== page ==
Building economic resiliency
Solar eclipse, fires offer researchers study opportunities
Forest fires. Floods. Earthquakes. Ice storms. There’s no way to predict when potentially catastrophic events will test the economic resiliency of a community. But as astrophysicist Carl Sagan once put it, “the more you know about the past, the better you are prepared for the future.”
That’s the intent of several studies being done across Oregon right now that measure the impact of recent real-life events, with an eye toward producing data that will aid long-term economic recovery while also identify strategies to help mitigate future events.
“We are learning how to build economic resiliency tools for state economic development agencies to use for major events that may impact our communities,” says Kathleen Flanagan, The Ford Family Foundation’s senior program officer for Community Economic Development.
At the University of Oregon, the Institute for Policy Research and Engagement (formerly the Community Service Center) is about halfway into a two-year economic resiliency study measuring the impact of the 2017 summer solar eclipse to the Central Oregon area. While not a catastrophic event, the eclipse offers the team of student researchers a unique chance to study the before and after status of numerous social systems that might be affected in a disaster.
“It offers an opportunity for tourism and economic development officials to look at what happens to our critical infrastructure if we get a million people moving around the state. It might be a proxy for a major earthquake or a similar event,” says Program Director Josh Bruce.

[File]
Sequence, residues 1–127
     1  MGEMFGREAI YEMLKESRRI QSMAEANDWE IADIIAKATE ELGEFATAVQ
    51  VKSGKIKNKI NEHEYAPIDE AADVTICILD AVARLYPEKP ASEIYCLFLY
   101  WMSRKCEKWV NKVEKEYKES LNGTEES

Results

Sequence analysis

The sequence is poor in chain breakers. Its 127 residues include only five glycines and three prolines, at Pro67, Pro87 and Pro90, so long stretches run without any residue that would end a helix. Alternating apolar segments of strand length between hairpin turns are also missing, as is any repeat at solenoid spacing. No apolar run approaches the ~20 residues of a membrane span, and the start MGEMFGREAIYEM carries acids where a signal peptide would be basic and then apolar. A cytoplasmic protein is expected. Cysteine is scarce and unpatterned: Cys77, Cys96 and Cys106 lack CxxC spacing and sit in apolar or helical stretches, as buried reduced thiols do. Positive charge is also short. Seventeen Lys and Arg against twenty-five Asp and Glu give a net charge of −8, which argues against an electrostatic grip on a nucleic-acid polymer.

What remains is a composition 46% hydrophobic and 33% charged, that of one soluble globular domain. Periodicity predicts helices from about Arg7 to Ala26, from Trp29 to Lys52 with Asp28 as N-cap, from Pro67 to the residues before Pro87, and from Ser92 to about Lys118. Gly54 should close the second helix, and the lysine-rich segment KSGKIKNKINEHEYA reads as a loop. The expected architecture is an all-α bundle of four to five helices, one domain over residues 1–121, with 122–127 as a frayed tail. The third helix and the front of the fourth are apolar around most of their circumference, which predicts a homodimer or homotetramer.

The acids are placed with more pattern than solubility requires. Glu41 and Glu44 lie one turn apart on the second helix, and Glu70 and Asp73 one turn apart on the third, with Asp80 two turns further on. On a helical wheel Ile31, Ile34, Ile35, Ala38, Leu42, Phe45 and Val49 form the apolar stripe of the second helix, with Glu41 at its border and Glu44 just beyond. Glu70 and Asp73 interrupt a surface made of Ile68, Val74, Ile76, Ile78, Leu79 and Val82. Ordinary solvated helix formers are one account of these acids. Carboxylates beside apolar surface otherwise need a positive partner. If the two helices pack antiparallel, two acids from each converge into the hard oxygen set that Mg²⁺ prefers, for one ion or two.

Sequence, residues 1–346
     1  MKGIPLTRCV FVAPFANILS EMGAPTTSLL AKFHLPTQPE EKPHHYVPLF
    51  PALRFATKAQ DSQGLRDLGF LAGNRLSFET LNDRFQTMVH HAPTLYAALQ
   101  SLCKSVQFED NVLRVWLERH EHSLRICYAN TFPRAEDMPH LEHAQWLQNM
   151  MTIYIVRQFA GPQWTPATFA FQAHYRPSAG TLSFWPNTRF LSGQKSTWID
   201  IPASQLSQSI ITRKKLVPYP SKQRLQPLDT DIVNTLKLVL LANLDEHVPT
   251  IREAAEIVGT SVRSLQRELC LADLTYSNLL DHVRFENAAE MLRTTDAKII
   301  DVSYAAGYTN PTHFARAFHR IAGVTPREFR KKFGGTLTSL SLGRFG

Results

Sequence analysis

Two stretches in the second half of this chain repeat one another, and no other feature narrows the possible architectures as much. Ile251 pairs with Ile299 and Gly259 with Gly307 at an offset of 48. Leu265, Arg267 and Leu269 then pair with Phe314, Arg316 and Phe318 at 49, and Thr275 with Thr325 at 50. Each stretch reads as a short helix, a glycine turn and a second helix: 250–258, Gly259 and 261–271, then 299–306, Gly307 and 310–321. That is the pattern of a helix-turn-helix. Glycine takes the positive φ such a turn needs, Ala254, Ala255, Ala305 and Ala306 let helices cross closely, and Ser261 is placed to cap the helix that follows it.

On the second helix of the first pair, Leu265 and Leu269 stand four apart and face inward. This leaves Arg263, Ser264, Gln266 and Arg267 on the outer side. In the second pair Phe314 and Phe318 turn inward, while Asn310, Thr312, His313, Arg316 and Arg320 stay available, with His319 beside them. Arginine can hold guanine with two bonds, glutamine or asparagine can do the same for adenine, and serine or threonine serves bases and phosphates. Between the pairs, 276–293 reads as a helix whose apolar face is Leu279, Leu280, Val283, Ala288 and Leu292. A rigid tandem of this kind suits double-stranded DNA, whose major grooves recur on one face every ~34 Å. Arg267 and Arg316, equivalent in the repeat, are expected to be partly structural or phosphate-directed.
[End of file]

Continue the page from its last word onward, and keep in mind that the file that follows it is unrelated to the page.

Chetco Bar fire
In Southern Oregon, the South Coast Development Council is partnering with the City of Brookings to put numbers on the devastating effects of 2017’s Chetco Bar fire.
The fire burned 192,000 acres in the Brookings area, with economic consequences that went far beyond suppression costs or loss of timber. Hotels, restaurants and golf courses went empty, with resulting job losses. Recreation trails (almost 50 miles of them) were destroyed. Many Brookings residents, of which more than half are retirees, left the smoky area for health reasons; a lot of them are not coming back.
“We need to be able to show how devastating the fire was on a local, regional, and state level ,” says Sam Baugh, SCDC’s executive director. “We also want to develop strategies on moving forward, how to prevent it from happening again, and, if it does, what to do differently.”
The biggest takeaway for Bruce so far in his eclipse research? There is a clear advantage to bringing economic development professionals to the table.
“A lot of times when we talk about resiliency, the focus is on emergency management, which tends to be focused on preparation and response,” he explains. “But business represents a huge amount of post-event recovery that needs to be taken into account.”
Several other economic development organizations in Oregon have undertaken similar studies. The Cascades West Economic Development District has developed an economic resilience appendix, with the goal of developing a new regional framework for engaging businesses in economic risk reduction and recovery planning. And Bruce’s team worked with The Ford Family Foundation and the National Oceanic and Atmospheric Administration to create a blueprint for building social and economic networks along the Oregon coast in the context of natural hazard resilience and recovery.
The next stage of the UO eclipse research will focus on developing resiliency tools that can be shared with communities around the state, such as business recovery centers that provide advice and resources to get storefronts quickly reopened.
“It’s been refreshing; we’ve been at this work a long time and the emergency management angle hasn’t gotten us very far in terms of improving economic resilience,” Bruce says.
“I’m bullish looking forward about aligning economic development, tourism and business in collaboration with emergency management.”